Ethics and luxury product consumption

Whilst research in this area is only recently emerging, studies have also suggested that consumers in higher income brackets are more accepting of unethical consumption Eide, under review.

This suggests that when it comes to consuming luxury goods, people discard concerns about ethics and indulge themselves in the prestige, social status, and emotional pleasure and rewards afforded by such items. Research on ethical consumption of luxury goods has identified that although consumers generally have a positive attitudes towards ethics, they do not necessarily translate this into action.

This suggests that as people improve their financial standing, their desire for status symbols and indulgent emotional satisfaction offered by luxury goods like high end fashion items increases, and overrides altruistic and ethical concerns. Such luxury goods offer prestige and emotional value, rather than functional utility Dubois and Duquesne, Therefore, this attitude-behaviour gap in relation to ethical consumption is higher for luxury goods.

Ethical luxury?

Luxury goods refers to a wide range of products such as haute couture clothing, as well as accessories like perfume, jewellery, and watches; and also items like cars, champagne, and crystal. This suggests that there is a need to engage consumers in ethical and sustainable luxury — yet sustainable luxury is a concept that has only recently emerged Gonzalez, Interestingly, research has also shown that the influence of attitudes, and personal values has a weaker effect on consumption behaviour in relation to luxury goods Davies et al.

Whilst for some people, clothing does not constitute FMCGs, the availability of mass produced and very affordable clothing in the marketplace certainly suggests that some clothing lines could be considered as such.

Ethical consumption is becoming an ever more important consideration for people in modern societies. Sources and further reading Spring Update: Awareness of the environmental impact of mass consumerism, the throwaway society, and demands for constantly changing fashions has increased considerably in recent years.

This phenomenon is known as the attitude-behaviour gap Carrington et al. This raises an ethical dilemma — is it acceptable to discard concerns about ethics if the emotional and status rewards for consuming luxury goods such as a fur coat are high? However, recent research on ethical consumption has branched out into considering other forms of products and services, and this blog focuses on one area that has generated considerably attention recently, ethical luxury.

Preference for ethical and sustainable luxury goods by Millennials worldwide 2017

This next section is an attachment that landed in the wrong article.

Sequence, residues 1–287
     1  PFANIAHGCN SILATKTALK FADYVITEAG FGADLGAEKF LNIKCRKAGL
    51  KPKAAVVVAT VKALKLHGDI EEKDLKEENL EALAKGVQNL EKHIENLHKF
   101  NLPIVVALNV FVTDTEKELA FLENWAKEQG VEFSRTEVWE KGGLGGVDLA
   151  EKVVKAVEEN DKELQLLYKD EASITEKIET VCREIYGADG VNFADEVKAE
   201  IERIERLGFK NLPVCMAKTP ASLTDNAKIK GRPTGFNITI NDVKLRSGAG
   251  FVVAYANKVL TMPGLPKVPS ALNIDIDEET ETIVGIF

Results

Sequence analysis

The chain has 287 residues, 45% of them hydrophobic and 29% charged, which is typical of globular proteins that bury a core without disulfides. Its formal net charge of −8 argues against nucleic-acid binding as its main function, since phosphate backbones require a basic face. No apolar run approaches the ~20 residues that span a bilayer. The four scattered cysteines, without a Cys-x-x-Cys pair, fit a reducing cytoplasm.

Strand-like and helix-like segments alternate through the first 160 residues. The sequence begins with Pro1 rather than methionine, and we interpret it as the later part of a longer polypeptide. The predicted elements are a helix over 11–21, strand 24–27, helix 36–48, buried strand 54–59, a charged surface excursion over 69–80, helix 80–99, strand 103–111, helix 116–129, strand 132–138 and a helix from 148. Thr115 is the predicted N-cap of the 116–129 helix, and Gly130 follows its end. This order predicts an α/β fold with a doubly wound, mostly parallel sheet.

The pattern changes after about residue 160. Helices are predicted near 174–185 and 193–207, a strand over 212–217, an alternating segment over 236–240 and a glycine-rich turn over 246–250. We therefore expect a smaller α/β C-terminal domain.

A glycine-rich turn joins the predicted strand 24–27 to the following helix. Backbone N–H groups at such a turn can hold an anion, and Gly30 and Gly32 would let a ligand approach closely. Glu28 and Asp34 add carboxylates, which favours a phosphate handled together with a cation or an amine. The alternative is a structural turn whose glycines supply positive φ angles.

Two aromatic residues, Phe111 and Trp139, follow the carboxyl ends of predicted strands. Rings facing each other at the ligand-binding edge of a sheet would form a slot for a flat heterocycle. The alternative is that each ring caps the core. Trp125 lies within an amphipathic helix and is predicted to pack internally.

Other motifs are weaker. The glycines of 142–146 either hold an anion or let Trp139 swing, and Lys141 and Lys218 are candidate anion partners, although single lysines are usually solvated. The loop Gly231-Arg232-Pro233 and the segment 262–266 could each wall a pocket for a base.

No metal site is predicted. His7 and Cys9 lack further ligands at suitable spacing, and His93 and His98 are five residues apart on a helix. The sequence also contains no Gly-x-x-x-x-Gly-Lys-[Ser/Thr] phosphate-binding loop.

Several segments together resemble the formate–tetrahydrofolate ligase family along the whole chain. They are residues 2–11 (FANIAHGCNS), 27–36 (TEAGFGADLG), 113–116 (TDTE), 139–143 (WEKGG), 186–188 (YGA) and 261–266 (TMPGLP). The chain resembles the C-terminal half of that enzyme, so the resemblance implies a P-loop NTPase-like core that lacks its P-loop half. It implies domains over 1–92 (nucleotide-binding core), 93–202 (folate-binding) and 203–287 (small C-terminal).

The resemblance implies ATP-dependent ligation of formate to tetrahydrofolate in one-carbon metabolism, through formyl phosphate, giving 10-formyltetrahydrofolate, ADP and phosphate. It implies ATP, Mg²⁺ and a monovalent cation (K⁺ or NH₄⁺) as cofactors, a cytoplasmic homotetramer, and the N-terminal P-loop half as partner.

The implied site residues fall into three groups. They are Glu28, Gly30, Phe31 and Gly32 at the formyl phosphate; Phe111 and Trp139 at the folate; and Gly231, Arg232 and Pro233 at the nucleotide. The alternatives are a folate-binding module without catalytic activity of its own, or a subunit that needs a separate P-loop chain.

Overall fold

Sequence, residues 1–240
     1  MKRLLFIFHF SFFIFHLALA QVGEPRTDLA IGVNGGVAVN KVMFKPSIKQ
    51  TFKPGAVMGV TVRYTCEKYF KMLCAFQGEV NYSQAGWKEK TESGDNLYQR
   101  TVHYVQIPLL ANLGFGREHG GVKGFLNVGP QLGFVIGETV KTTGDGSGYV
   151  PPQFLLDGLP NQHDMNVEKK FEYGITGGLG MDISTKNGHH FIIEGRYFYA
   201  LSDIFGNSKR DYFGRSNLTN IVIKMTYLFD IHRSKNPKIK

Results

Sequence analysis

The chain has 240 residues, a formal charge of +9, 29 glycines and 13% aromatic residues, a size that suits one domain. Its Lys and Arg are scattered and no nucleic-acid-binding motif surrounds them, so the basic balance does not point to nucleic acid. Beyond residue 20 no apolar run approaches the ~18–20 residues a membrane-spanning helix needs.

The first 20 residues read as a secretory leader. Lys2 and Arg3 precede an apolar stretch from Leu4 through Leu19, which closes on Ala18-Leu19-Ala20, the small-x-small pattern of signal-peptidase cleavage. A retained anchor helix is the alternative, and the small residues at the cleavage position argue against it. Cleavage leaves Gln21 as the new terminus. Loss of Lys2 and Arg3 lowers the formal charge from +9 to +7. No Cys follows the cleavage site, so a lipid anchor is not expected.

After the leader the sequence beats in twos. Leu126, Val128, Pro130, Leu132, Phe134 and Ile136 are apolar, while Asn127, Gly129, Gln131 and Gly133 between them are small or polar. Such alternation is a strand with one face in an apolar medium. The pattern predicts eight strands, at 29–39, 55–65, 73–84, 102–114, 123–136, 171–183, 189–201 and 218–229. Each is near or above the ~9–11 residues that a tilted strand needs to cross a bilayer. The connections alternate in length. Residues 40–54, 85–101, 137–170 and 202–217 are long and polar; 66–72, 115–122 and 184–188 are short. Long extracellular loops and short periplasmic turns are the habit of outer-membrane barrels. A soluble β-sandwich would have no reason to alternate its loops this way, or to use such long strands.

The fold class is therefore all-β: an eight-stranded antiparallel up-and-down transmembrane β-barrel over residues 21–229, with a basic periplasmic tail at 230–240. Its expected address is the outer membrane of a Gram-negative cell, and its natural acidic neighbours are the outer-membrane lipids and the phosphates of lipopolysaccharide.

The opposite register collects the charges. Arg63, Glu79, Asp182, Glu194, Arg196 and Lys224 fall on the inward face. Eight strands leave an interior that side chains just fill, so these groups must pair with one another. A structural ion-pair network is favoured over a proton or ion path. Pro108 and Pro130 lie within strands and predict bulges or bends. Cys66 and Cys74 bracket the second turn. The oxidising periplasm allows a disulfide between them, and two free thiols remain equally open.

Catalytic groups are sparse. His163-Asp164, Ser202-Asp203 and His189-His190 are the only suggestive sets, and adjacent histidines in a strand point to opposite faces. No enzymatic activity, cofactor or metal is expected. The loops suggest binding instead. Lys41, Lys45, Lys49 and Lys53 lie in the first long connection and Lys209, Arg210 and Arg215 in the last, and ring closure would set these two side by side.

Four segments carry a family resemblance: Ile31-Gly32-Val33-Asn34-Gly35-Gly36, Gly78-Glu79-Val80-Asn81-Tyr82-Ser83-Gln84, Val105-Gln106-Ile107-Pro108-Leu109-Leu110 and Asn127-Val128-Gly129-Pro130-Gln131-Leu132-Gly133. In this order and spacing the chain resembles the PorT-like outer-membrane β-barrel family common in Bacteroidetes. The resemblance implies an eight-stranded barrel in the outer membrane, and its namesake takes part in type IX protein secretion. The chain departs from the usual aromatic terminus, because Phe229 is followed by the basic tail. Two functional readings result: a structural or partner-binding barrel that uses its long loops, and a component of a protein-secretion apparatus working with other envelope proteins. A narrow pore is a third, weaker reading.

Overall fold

Updated Tuesday 22nd October Can you live a life of luxury - and still claim to be living an ethical life? Moreover, perhaps the onus is on producers of luxury goods to ensure they engage in more ethical production and marketing activities given the propensity for people to discard concerns about ethics when buying luxury products.But luxury goods are rarely just about the product.

People do want good design and craftsmanship, and high quality ingredients and materials. But they pay a premium for something more than that. Abstract. This article explores the extent to which consumers consider ethics in luxury goods consumption.

In particular, it explores whether there is a significant difference between consumers’ propensity to consider ethics in luxury versus commodity purchase and whether consumers are ready to purchase ethical-luxury.

This paper builds on existing research investigating CSR and ethical consumption within luxury contexts, and makes several contributions to the literature.

First, it addresses existing knowledge gaps by exploring the ways in which consumers perform ethical luxury purchases of fine jewellery through. Research on ethical consumption of luxury goods has identified that although consumers generally have a positive attitudes towards ethics, they do not necessarily translate this into action.

This phenomenon is known as the attitude-behaviour gap (Carrington et al. ). Ethical consumption is a growth killarney10mile.com take Fairtrade as an example, in the UK, sales of products carrying the Fairtrade label topped £ m in ; a substantial year-on-year increase from £m in This article explores the extent to which consumers consider ethics in luxury goods consumption.

In particular, it explores whether there is .

Download
Ethics and luxury product consumption
Rated 4/5 based on 36 review